There’s also newly designed graphical interface that will certainly make this camera even more appealing to new users, although if you need 4K video then you’re better off looking at the EOS Rebel SL3 / EOS 250D (position 10) or a mirrorless model.
The D5600 is a step up from the D3xxx-series models, with a stronger set of specs to rival the likes of the Canon EOS Rebel T7i / EOS 800D (above). Key advantages over the D3400 and D3500 include a larger LCD screen, which not only flips out and swivels all the way around to face the front but also responds to touch, together with a more advanced autofocus system, Wi-Fi and a healthy range of additional control on the inside. Sure, you pay a little extra for the privilege, but if you need a little more growing space it makes more sense to go for the D5600 so that it stays with you for years to come.
The EOS Rebel T6i (called the EOS 750D outside the US) may have been replaced by the EOS Rebel T7i / 800D (above), but it’s still a great option if the price of the newer model puts you off. While the sensor isn’t quite as good as the one in the newer T7i – despite sharing the same resolution – it’s still a sound performer, while the vari-angle touchscreen is still one of the best around.
Autofocus performance could be better though, and the camera isn’t quite new enough to benefit from the more up-to-date Dual Pixel CMOS AF system that makes focusing swift in live view and during videos. On that subject, there’s also no 4K shooting option, but overall this is still a very capable entry-level DSLR.
The D5300 was around for little more than a year before the D5500 technically replaced it (which has, in turn, be replaced by the D5600). It shares the same 24.2MP sensor with an identical maximum ISO25,600 sensitivity as the D5500, whilst the D5300’s EXPEED 4 image processor and 39-point autofocus system have also been carried over to its replacement.
The D5300 doesn’t sport fancy touchscreen control, but you do get a GPS system instead, which is pretty rare on DSLRs. The D5300’s 600-shot battery life also isn’t quite class-leading, but it’s still far better than many mirrorless cameras. So, not the newest or shiniest DSLR here, but still plenty of reason to go for it.
Canon introduced the EOS Rebel SL1 (EOS 100D outside the US) to compete with the influx of mirrorless cameras and it was the smallest DSLR available when it was introduced in March 2013. Now replaced by the EOS Rebel SL2 (EOS 200D), its slightly bulkier proportions make it feel more like a slightly pared-down Rebel T7i / 800D than anything unique.
It’s not a bad option for new users, but there are better-value alternatives available at the moment. The camera has recently been updated by the EOS Rebel SL3 / EOS 250D, which has the added bonus of 4K video recording and better battery life, but the EOS Rebel SL2 is a better option if you’re looking to save money and you’re happy with Full HD video quality.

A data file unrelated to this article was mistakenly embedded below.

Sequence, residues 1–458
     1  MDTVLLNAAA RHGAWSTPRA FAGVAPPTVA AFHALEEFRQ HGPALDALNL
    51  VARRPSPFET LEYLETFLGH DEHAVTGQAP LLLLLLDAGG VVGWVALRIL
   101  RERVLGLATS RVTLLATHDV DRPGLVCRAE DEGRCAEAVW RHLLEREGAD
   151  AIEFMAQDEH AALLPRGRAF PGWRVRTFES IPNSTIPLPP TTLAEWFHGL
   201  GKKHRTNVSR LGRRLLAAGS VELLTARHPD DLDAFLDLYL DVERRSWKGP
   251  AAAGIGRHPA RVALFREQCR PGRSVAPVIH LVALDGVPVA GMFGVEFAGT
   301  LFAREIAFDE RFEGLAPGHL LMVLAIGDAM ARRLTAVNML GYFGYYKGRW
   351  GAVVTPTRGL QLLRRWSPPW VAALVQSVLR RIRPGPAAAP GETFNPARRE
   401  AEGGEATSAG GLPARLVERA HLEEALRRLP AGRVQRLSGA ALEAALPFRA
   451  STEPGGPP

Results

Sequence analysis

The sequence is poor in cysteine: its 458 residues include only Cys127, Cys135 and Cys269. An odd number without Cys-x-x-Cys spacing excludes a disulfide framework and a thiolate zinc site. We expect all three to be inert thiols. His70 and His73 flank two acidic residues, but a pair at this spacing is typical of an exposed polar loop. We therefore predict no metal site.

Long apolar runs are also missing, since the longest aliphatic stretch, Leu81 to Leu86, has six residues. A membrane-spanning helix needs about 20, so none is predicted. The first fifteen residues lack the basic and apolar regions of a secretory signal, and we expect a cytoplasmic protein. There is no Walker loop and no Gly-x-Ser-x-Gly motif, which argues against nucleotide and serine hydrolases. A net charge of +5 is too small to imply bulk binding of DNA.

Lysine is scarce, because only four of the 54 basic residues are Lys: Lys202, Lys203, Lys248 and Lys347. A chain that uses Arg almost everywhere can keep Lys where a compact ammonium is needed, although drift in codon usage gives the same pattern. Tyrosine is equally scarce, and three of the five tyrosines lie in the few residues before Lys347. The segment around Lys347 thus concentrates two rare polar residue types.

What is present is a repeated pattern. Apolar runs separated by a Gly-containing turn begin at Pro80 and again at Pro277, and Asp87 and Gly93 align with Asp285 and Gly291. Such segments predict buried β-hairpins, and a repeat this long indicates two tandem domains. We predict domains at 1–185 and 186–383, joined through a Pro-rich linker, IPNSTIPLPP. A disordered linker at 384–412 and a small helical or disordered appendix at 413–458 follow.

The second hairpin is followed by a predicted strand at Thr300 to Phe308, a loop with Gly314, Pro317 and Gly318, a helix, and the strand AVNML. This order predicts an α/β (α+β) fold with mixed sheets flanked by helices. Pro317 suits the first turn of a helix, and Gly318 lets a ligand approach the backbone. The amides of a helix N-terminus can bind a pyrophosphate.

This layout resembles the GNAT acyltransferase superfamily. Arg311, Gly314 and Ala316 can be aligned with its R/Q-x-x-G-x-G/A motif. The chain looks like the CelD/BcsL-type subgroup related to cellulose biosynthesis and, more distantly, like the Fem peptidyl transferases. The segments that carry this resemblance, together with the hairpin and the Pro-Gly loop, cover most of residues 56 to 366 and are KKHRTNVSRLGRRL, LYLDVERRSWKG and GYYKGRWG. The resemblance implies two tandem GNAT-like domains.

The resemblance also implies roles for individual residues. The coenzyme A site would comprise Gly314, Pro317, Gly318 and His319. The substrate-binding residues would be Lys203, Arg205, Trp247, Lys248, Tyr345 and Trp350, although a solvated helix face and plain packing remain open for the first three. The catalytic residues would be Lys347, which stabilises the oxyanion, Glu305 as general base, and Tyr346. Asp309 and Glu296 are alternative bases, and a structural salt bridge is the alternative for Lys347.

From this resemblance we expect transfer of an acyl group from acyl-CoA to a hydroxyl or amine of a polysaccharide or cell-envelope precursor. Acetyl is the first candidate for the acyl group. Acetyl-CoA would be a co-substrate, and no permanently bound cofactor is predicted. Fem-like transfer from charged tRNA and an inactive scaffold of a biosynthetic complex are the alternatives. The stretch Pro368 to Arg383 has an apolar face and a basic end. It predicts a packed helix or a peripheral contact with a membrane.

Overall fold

This is one of the cheapest DSLRs in Canon’s current line-up, which also makes it a very cost-effective way to get access to an endless assortment of lenses, flashguns and other accessories. Its low price tag means that it understandably lacks some of the fancy tricks of its bigger brothers – flip-out LCD, 4K video and so on – but there’s still a very good level of physical control on offer.
And, most importantly, image quality from the 24MP sensor is sound. It’s designed very much with its target audience in mind, with a Feature Guide to help you understand everything, and battery life is also better than many mirrorless models at this price point – still a key advantage of DSLRs. Wi-Fi, NFC and Full HD video recording round off the specs, making it a well-rounded first-time option.
Not everyone needs the very latest tech, and the D3300 is a perfect example of an older model that still delivers everything the novice user needs to take excellent images. The 24.2MP APS-C sensor has no optical low-pass filter over it, which helps it to capture more detail than would otherwise be the case, while Full HD video recording works to 50/60p.
You can also shoot at a very respectable 5 frames per second, while the kit lens has a collapsible construction to keep it nice and compact when you’re carrying it around. Having been replaced by both the D3400 and D3500, it’s also dropped to a lower price point, making it one of those rare models that manage to be capable and super cheap at the same time.
The latest camera to make our list, the EOS Rebel SL3, also known as the EOS 250D, is described by its manufacturer as being the smallest and cheapest DSLR with a movable LCD screen. It also happens to be the cheapest DSLR to pack 4K video, which is boosted by the inclusion of a port for external mics, although video quality itself isn’t great.
Thankfully, Canon’s excellent Dual Pixel CMOS AF system is on board, while a responsive touchscreen lets you focus on what you need quickly and swipe through your images without any hassle. It’s a shame Canon has maintained the same 9-point AF system from the previous EOS Rebel SL2 as it’s looking rather dated now, but as an all-rounder for a sensible price the Rebel SL3 scores many points.
None of the above takes your fancy? Here’s another option to consider.
It may have been replaced by the EOS Rebel T7 / EOS 2000D (above), but that does mean that the EOS Rebel T6 (known as the EOS 1300D outside the US) is now even cheaper. In many ways the specification is very similar to the newer camera, with the key difference being the Rebel T6 features an 18MP sensor, which compared to rivals, is starting to show its age against rivals with higher pixel counts. Now that it’s been replaced, you might be able to track this down at an even more tempting price before it disappears for good.